When working with state hooks like
useContext, it can become expensive to render components. If we let the framework handle rendering, all components and children components will be rendered if the parent uses state or context hooks or an action is dispatch into the reducer hook. Today we will look at optimisation to stop the rendering propagation for components which do not need to be rendered.
Apollo client allows us to easily manage our GraphQL queries and data from the clientside. It provides functionalities such as caching, loading state and data propagation to components and most importantly; is compatible with all major UI frameworks. In today’s post, we’ll look at how we can simply hook Apollo client in a React application and use it to query our GraphQL server.
Common table expression, also called
WITH queries, can be used to create auxiliary queries that can be used in larger queries. They can be used to breakdown complex queries into multiple simpler queries which are then used in a primary statement or they can also be used to write recursive queries. In today’s post, we will look at how to define CTE with examples in Postgres.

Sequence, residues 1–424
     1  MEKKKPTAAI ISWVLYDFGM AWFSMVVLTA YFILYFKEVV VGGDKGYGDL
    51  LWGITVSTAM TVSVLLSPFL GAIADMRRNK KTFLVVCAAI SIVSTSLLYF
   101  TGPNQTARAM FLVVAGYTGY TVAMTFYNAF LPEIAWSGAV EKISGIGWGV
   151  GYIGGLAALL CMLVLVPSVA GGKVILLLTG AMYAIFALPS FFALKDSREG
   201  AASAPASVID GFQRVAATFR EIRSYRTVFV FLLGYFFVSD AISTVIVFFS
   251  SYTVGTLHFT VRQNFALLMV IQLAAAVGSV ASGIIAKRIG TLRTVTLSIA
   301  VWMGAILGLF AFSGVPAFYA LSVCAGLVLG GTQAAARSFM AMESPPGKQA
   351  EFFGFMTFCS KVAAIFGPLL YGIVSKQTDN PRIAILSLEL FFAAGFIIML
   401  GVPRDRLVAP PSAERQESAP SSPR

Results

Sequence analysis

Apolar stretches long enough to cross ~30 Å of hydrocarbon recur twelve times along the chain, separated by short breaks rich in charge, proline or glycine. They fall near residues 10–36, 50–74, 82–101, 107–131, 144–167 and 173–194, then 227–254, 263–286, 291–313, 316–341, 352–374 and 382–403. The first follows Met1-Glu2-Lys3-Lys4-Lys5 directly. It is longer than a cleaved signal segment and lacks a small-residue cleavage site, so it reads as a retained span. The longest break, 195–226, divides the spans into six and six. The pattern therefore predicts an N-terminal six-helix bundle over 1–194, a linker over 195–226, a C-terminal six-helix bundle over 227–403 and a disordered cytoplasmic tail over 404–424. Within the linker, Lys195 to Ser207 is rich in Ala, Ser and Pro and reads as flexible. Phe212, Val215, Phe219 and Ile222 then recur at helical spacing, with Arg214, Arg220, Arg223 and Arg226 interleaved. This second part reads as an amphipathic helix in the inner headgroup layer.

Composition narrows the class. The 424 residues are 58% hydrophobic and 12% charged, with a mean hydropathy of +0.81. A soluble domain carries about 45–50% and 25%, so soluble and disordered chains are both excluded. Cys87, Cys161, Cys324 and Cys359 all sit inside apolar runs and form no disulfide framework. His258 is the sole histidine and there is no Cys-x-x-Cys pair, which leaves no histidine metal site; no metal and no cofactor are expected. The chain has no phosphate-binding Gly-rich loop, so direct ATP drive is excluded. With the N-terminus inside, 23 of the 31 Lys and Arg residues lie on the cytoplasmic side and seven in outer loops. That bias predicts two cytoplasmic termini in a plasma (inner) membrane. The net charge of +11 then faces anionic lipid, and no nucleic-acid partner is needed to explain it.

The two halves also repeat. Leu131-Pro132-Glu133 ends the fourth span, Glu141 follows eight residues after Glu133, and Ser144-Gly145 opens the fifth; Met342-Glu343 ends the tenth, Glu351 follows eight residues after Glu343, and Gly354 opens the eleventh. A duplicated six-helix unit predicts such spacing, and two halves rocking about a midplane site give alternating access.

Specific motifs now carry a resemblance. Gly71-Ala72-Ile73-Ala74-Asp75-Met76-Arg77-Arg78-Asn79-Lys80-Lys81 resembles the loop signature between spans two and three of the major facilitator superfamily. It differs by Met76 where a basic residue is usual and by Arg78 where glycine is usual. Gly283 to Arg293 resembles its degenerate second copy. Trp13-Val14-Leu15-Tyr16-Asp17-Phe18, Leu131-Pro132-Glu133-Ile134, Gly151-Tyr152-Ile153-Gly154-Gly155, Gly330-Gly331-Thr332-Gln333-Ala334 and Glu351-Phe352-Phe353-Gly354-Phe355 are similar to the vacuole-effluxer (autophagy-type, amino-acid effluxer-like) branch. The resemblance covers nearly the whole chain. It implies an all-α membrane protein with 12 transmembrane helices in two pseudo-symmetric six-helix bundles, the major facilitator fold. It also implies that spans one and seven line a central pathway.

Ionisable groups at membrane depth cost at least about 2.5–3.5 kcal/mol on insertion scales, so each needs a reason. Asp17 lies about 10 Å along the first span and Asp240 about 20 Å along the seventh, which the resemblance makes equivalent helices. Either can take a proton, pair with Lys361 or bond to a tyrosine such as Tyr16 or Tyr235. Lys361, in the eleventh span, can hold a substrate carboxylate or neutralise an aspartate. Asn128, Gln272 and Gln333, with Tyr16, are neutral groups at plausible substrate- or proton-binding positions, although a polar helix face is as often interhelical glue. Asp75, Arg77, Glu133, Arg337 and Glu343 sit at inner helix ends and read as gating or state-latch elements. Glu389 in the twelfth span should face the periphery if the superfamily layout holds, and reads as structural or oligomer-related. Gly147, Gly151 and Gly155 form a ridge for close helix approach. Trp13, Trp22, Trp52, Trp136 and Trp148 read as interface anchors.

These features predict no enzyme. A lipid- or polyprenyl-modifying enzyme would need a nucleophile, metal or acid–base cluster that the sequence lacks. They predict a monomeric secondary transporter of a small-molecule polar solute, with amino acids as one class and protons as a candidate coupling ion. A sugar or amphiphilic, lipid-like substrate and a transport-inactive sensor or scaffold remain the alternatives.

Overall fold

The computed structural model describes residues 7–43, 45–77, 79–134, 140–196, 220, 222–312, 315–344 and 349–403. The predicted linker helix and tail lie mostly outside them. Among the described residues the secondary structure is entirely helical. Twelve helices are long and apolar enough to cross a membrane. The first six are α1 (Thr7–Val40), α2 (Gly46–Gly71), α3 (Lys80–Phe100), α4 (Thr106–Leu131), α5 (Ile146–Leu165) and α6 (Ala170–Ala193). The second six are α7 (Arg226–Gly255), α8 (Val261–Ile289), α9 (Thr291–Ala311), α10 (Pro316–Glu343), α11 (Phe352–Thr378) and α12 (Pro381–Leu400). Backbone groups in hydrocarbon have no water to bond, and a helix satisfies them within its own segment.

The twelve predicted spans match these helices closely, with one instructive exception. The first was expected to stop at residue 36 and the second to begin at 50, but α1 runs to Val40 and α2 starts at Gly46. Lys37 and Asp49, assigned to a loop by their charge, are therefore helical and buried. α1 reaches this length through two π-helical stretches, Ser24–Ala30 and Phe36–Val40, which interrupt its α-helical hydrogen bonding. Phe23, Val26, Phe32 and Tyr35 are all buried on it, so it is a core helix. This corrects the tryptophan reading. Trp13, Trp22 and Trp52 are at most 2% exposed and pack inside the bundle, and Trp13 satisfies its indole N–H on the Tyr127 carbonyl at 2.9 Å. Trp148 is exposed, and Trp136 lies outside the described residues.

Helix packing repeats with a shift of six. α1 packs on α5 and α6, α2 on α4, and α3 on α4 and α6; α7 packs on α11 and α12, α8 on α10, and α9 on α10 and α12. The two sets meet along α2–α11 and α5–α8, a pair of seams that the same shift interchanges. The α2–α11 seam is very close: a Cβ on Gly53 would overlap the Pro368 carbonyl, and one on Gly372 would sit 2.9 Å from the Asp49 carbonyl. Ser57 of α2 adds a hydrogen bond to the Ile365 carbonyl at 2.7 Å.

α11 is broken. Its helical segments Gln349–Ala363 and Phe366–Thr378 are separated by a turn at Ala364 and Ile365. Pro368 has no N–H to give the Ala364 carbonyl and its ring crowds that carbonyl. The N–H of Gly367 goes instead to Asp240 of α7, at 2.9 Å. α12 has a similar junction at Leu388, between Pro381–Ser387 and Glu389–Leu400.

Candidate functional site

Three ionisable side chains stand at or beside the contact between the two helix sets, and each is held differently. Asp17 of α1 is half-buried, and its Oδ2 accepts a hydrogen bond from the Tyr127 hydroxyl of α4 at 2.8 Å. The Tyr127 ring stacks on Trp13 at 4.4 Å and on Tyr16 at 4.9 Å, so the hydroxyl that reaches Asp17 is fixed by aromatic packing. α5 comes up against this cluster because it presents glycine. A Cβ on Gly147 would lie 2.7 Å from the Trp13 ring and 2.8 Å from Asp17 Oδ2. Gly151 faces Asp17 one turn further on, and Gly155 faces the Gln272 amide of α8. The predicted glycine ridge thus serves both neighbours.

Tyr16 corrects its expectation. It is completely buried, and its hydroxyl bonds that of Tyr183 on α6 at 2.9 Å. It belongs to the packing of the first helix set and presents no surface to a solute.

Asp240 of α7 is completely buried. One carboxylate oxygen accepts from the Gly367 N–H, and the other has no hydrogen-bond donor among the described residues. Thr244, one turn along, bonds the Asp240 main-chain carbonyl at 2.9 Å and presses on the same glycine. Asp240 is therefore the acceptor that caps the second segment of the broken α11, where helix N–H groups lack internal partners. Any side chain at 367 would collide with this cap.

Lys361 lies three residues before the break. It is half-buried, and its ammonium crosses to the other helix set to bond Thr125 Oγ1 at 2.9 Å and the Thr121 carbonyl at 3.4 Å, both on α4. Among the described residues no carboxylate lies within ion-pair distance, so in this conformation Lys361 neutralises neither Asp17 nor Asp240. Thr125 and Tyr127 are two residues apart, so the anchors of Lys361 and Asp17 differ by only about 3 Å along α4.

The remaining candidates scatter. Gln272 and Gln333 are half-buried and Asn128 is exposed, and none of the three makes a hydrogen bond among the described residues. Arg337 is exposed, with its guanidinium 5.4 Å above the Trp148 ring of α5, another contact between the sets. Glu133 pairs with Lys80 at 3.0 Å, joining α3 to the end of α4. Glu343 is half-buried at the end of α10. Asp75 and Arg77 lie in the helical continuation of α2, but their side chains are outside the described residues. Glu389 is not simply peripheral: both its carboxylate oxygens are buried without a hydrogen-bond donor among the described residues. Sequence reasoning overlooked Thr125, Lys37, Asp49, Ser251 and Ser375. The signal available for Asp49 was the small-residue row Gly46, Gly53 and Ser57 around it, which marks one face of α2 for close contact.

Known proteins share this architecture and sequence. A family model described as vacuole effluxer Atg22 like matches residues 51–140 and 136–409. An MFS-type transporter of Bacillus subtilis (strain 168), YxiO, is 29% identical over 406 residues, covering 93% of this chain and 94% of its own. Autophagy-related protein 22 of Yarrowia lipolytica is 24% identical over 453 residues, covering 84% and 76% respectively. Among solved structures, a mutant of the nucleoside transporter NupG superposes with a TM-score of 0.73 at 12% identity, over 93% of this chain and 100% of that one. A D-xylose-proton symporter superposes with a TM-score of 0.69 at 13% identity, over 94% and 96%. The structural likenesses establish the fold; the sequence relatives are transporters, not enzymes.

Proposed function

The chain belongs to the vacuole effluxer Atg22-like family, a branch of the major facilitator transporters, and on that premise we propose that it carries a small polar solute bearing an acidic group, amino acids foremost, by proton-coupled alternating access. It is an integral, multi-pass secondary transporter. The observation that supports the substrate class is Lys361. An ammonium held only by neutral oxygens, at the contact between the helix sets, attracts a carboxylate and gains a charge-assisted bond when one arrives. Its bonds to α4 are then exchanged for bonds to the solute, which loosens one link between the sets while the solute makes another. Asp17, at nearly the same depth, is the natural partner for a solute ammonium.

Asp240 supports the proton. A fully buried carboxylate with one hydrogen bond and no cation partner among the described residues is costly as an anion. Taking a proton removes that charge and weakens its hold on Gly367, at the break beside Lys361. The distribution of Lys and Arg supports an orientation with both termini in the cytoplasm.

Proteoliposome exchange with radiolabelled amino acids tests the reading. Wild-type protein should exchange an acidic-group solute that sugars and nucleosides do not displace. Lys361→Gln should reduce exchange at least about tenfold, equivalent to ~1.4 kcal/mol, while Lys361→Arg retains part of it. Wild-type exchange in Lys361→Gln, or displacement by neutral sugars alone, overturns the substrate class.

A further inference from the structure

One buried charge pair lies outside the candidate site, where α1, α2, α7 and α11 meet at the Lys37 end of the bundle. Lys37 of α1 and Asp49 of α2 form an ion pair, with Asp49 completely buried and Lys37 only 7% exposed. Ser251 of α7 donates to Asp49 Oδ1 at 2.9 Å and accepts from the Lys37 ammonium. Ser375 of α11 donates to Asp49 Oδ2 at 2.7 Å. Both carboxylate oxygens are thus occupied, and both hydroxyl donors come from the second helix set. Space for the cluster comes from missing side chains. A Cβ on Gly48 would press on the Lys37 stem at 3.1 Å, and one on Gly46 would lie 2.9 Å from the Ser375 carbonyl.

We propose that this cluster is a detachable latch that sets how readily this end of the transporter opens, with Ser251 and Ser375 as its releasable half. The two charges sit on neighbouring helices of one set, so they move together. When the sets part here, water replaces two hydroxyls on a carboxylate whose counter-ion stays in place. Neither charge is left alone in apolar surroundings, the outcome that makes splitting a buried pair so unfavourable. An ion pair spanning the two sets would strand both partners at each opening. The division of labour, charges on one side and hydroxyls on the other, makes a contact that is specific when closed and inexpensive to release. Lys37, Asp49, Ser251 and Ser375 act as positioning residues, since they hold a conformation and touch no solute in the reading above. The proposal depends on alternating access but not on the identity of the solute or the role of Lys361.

useReducer hook in React allows us to manage state in a redux manner. This is useful for handling complex state in a single object, as opposed to
useState which is better used with single variable state. With
useReducer, we can define a reducer, a set of actions to interact with the state and use a dispatcher to dispatch the actions from our component. In today’s post we will look at how we can use
useReducer with example.
Few months ago we looked at how we could use web3.py to directly compile Solidity contracts and deploy them on a local ganache-cli blockchain. Although that’s a possible way of deploying smart contracts, it wouldn’t be a recommended way to manage production grade contracts. For that, we would be delegating the steps to a development and testing framework for smart contracts. Such environment provides us an easy way to manage project of smart contracts, manage dependencies, and test our smart contracts. In today’s post, we will look at Brownie, a Python-based development and testing framework for EVM smart contracts